LEARN HUMILITY FROM PETER
Simon Peter was the leader of the disciples (Matthew 9:35-10:4; Mark 6:6-9; Luke 9:1-2). Originally named Simon, Jesus changed it to Peter to describe his eventual strength and stability (Matthew 16:18; Mark 3:16; Luke 6:14; John 1:42). He was a very outgoing, friendly, talkative person who liked everyone and wanted everyone to like him. Unfortunately, though, he often didn’t have a lot of self-discipline. He met Jesus through his brother Andrew who was a follower of John the Baptizer (John 1:40-41). Jesus challenged him to leave his fishing nets and follow Him full time (Matthew 4:13-22; Mark 1:16-20; Luke 4:31; 5:1-11). Peter was a natural leader, but only because of his forceful personality. It took a while for him to learn how to be a godly leader. Jesus patiently worked with him through his mistakes to help him become one of the greatest leaders in the early church. He’ll do the same with us if we let Him.
A person can’t be a godly leader if he isn’t humble. Pride is self-centeredness, but a godly leader must be God-centered. We can’t be both at the same time; we are one or the other. Peter had a big problem with pride, and until God taught him to be humble, he wasn’t very usable for God. God often teaches us humility by letting us fail when we do something out of pride. That’s what happened with Peter as well. Peter wouldn’t let Jesus wash his feet when He washed the others (John 13:1-20). Sometimes it’s hard to humble ourselves and let God minister to us, to accept His forgiveness for our sins, to encourage us when discouraged, or to let Him help us when we think we can do something by ourselves. It’s important to learn to do that.
Soon after washing his feet, Jesus told Peter he would deny Him (Matthew 26:34; Mark 14:30; Luke 22:34; John 13:38). Peter thought he was too strong and that would never happen (Matthew 26:35; Mark 14:31). He didn’t heed Jesus’ warning because he trusted in himself. But Peter did deny Jesus three times (Matthew 26:69-75; Mark 14:66-72; Luke 22:55-60; John 18:16-27).
It started with Peter’s pride and self-confidence in not letting Jesus wash his feet then insisting Jesus was wrong and he wouldn’t deny Jesus. Jesus warned that Satan was going to sift him like wheat, but Peter thought he knew better (Luke 22:31-38). Then in Gethsemane, when Jesus told them to pray, they wouldn’t fall into temptation, Peter fell asleep and didn’t pray. When Jesus was arrested, Peter attacked Malchus, and Jesus again had to correct him. Peter was doing what Peter wanted, not what Jesus wanted. When He was arrested, Jesus told the disciples to flee, but Peter followed, pretending to be someone who didn’t know Jesus. Peter’s lack of humbly trusting what Jesus said led to his denials. In his pride he thought he wouldn’t ever deny Jesus, but he did – 3 times!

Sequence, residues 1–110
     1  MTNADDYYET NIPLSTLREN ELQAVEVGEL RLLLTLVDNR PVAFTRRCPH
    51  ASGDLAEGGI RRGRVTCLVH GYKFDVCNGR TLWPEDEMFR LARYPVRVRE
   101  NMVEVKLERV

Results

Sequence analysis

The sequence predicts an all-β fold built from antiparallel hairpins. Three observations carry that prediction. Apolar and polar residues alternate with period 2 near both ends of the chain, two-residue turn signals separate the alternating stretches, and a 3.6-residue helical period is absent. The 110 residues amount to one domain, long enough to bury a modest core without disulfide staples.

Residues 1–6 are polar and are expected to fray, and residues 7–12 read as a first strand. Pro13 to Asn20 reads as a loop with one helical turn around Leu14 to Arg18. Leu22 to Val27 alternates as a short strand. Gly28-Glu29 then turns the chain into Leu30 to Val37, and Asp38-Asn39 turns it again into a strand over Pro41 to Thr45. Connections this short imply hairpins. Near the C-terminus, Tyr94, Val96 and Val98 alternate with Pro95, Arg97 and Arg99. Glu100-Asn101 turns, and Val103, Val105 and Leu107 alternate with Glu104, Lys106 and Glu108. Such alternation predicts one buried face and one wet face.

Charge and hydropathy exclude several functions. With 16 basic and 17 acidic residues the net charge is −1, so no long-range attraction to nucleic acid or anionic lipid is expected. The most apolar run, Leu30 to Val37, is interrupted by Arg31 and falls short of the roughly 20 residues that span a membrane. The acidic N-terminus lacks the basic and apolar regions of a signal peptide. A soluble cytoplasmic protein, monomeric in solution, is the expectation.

When the rooster crowed, Peter remembered Jesus’ warning. At that very moment he saw the bloody and beaten Jesus and realized Jesus had heard him curse and deny knowing Him. Terrible shame and guilt came over him. He hadn’t wanted to fail Jesus, but he did. He failed in that which was most important to him, staying faithful to Jesus.
Peter learned a lesson he never forgot that night, though. He knew he couldn’t trust himself, that he was too weak to have victory without Jesus’ help. His pride was broken, and he humbled himself to Jesus. We see a different Peter in the book of Acts. He put his confidence in Jesus, not in himself, and God used him in mighty ways. He wrote, warning others to be alert to Satan’s temptations (1 Peter 5:8-9) and to stay humble (1 Peter 3:8; 5:5-7). Learning humility was a very painful lesson for Peter, but it is one he had to learn to be useful for God.
That is true for each of us who would serve Him today as well (Psalm 51:17). Paul, too, had a problem with self-sufficiency and pride. God gave him his “thorn in the flesh” to keep him humble (2 Corinthians 12:1-10). In His love, He will do whatever is necessary to break us from our pride as well.
Would your mate say you have a problem with pride? Pride is easy to see in others but very hard to see in ourselves. Can you listen and learn when someone corrects you? Are you quick to apologize when you hurt someone? Will you admit it when you are wrong about something? Do you blame others when things fail? Are there people you look down on and don’t think are as important as you are? Do you think you are due special privileges from God or others because of your position of leadership?
cto Rev. Dr. JERRY SCHMOYER
Christian Training Organization
(India Outreach, Spiritual Warfare, Family Ministries, Counseling, World View)
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